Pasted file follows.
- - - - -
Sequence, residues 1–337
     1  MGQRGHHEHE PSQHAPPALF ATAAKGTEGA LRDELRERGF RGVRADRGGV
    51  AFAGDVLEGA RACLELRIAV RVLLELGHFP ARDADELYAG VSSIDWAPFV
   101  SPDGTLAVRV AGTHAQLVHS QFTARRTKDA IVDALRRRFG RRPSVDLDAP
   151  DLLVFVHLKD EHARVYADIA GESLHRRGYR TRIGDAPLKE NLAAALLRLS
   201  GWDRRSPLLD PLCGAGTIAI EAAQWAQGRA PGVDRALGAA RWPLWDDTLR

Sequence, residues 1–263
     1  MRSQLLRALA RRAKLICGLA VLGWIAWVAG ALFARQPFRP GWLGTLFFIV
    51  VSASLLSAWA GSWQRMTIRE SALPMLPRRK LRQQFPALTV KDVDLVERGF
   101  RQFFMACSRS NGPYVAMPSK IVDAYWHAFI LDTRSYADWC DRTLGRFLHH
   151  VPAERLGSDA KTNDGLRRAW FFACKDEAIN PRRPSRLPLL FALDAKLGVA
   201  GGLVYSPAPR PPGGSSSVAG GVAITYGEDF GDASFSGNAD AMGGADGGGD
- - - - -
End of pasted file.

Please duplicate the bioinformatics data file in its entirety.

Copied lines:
Sequence, residues 1–337
     1  MGQRGHHEHE PSQHAPPALF ATAAKGTEGA LRDELRERGF RGVRADRGGV
    51  AFAGDVLEGA RACLELRIAV RVLLELGHFP ARDADELYAG VSSIDWAPFV
   101  SPDGTLAVRV AGTHAQLVHS QFTARRTKDA IVDALRRRFG RRPSVDLDAP
   151  DLLVFVHLKD EHARVYADIA GESLHRRGYR TRIGDAPLKE NLAAALLRLS
   201  GWDRRSPLLD PLCGAGTIAI EAAQWAQGRA PGVDRALGAA RWPLWDDTLR

Sequence, residues 1–263
     1  MRSQLLRALA RRAKLICGLA VLGWIAWVAG ALFARQPFRP GWLGTLFFIV
    51  VSASLLSAWA GSWQRMTIRE SALPMLPRRK LRQQFPALTV KDVDLVERGF
   101  RQFFMACSRS NGPYVAMPSK IVDAYWHAFI LDTRSYADWC DRTLGRFLHH
   151  VPAERLGSDA KTNDGLRRAW FFACKDEAIN PRRPSRLPLL FALDAKLGVA
   201  GGLVYSPAPR PPGGSSSVAG GVAITYGEDF GDASFSGNAD AMGGADGGGD